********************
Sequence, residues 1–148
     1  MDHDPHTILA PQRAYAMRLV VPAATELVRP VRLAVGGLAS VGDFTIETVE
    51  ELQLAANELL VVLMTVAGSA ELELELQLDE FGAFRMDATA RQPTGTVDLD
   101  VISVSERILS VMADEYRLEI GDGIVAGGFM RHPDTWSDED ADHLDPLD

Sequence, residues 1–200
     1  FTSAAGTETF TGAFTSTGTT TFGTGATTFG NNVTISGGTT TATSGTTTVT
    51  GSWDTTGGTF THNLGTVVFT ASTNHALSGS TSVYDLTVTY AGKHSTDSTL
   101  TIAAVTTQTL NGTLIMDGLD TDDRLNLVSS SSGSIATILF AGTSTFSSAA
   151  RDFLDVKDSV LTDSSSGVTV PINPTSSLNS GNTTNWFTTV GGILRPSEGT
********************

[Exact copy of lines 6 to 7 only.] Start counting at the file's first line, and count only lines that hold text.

     1  FTSAAGTETF TGAFTSTGTT TFGTGATTFG NNVTISGGTT TATSGTTTVT
    51  GSWDTTGGTF THNLGTVVFT ASTNHALSGS TSVYDLTVTY AGKHSTDSTL